Whilst on a grumpy note, I have to raise a questionable eye on a profession that I consider even more despicable than plumbers: yes, you got it, estate agents. We currently have a few properties on the market and, over the last few years, have had dealings with dozens of these people, each and every one who have been about as useful as a one legged man on a five legged horse.  Yes I am sure there are a few reading this column that may raise an eyebrow at this but I can only speak as I find, and what I find doesn’t seem to work. Today I have met with yet another one full of promises and science, far better than those before him, apparently. Whoopie-do, should I hold my breath that this year might be the year of the house-sale so we can all prosper once more? Let's see, shall we.   

Thursday, 9 January 2020

The future of our industry is already out of our hands


    A few weeks ago, a chance meeting with an auld adversary of mine opened my eyes to something that has left me sleepless ever since - a subject that I cannot now un-hear. I have sat on it for a few weeks, but would now like to share a situation that is as scary as it is unavoidable.
   I didn't see the programme on C4 last night but I gather it was more propaganda from the plant based corner. Now many folks, farmers particularly, might see these eco-activists as bunch of lefty crackpots shouting out for their faddish cause. What most folks don’t see is the future of the food industry being rapidly shifted in to the hands of power, and away from the small supplier, but not quite in the way we currently believe.
   I am reliably informed that Fake Meat is the new techno holy grail in California's Silicone Valley and the giants are piling millions upon millions into R&D in hopes their company will become the next Google, Amazon etc within the food industry. A risk so worth taking that Bill Gates has chucked in £250m and, of course, Google themselves are forefront investors. To quote my source, the whole industry is awash with cash to fund its research.  
   Now we are all aware Fake meat exists, but it's not the chemically produced plant based shit such as pups-in-blankets and tofu sausage rolls that should concern us. I am talking about real meat, grown from stem cells in factories, looking, tasting and, in fact, totally resembling the real thing in every way. At present, the cost of a 'replica' sirloin or tuna steak is 100 times that of the real product but.... and here's the thing....it doesn’t eat grass where trees could grow, give off methane, get killed or endure factory living conditions, or become unsustainable (vegan's ethical arguments, not mine). And it sure is better for the climate, huh?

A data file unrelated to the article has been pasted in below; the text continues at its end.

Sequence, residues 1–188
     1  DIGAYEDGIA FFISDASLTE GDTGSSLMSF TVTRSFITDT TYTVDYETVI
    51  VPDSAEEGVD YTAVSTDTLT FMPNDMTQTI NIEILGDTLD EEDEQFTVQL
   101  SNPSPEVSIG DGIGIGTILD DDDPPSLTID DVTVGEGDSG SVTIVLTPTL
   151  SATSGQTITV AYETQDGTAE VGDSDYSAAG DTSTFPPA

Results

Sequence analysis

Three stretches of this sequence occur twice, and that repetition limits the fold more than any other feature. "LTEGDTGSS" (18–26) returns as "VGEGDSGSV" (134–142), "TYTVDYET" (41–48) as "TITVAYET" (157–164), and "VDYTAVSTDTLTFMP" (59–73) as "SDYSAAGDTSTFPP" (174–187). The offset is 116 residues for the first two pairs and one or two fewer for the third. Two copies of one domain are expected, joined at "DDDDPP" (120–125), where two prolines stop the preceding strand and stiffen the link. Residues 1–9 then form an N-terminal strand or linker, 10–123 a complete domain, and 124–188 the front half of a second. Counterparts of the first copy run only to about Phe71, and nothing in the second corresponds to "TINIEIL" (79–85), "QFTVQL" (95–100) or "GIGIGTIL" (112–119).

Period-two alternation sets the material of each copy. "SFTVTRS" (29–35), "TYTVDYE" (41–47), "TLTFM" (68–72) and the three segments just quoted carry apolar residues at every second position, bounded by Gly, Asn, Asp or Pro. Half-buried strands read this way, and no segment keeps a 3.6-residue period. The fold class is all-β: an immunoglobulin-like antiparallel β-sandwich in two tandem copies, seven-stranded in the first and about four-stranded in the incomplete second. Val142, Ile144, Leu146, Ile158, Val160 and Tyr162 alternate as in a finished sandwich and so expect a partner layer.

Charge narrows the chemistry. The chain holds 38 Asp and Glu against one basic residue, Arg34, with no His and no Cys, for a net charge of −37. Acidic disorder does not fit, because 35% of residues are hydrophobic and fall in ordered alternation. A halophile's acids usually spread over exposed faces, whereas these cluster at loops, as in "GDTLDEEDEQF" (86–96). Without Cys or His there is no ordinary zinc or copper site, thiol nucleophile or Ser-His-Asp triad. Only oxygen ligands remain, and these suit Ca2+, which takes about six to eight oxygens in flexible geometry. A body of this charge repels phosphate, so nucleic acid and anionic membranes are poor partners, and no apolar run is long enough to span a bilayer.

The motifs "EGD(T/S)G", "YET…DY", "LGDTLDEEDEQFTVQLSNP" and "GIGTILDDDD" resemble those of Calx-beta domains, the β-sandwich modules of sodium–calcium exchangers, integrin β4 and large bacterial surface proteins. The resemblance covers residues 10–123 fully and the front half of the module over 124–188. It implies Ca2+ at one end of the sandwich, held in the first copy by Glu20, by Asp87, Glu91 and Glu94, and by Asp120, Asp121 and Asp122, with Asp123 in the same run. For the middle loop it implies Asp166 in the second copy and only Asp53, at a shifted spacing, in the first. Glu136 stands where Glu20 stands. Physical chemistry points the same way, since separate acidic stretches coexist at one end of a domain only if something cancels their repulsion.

As with all R&D, it is about getting the product right before going to mass production, in the same way the silicone chip did or, say, the car. The clock is now ticking nicely for the big guns, as to who gets it right first, builds a big f-off factory and starts growing our food on a massive commercial scale at a price far, far less than us farmers, can compete with. The process requires no labour, feed, not even water, just electricity.  So why build the 'farms' in the west when they can be stuck out in the desert run on solar power? Or Africa where land cost next to nothing? And most of all, corporate business has complete control.
   Of course, before they start mass production, the product will need to have a market, which is where we go back to the ethics of brain-washing ill-informed intelligent people into believing meat is bad for us, and the planet. Starting to make sense now?
    Will our gripes with a TV show reverse this process when it is driven from the top? I am afraid not.
   Inevitably, at some stage the 'modern' vegans will need to be persuaded over to eating 'fake-real' meat instead of their current fake-chemical diet but, with the power of the media, I am sure that is just a matter of hitting a political switch when the time is right. The media will be fed news of how unhealthy vegans are becoming, dying on our streets from a dozen side-effects of malnutrition. Vegans in it for the bragging rights, such as our teen generation, will soon switch allegiance to meat which is ethical, healthier and cheaper than their current chemical intake.
     Unfortunately, by the time this reality hits us like an oncoming train, within a decade at most,  we will be completely powerless to defend our industry and proper grass-fed beef and lamb may become a commodity that only the wealthy can afford.
    Now can you see why my sleep has been disturbed?
   I would apologise for proffering such gloom in an already dark January, but burying our heads and/or making enemies of the consumer won't really do us much good either.
    I wish I had a counter solution, but this is where my information runs out.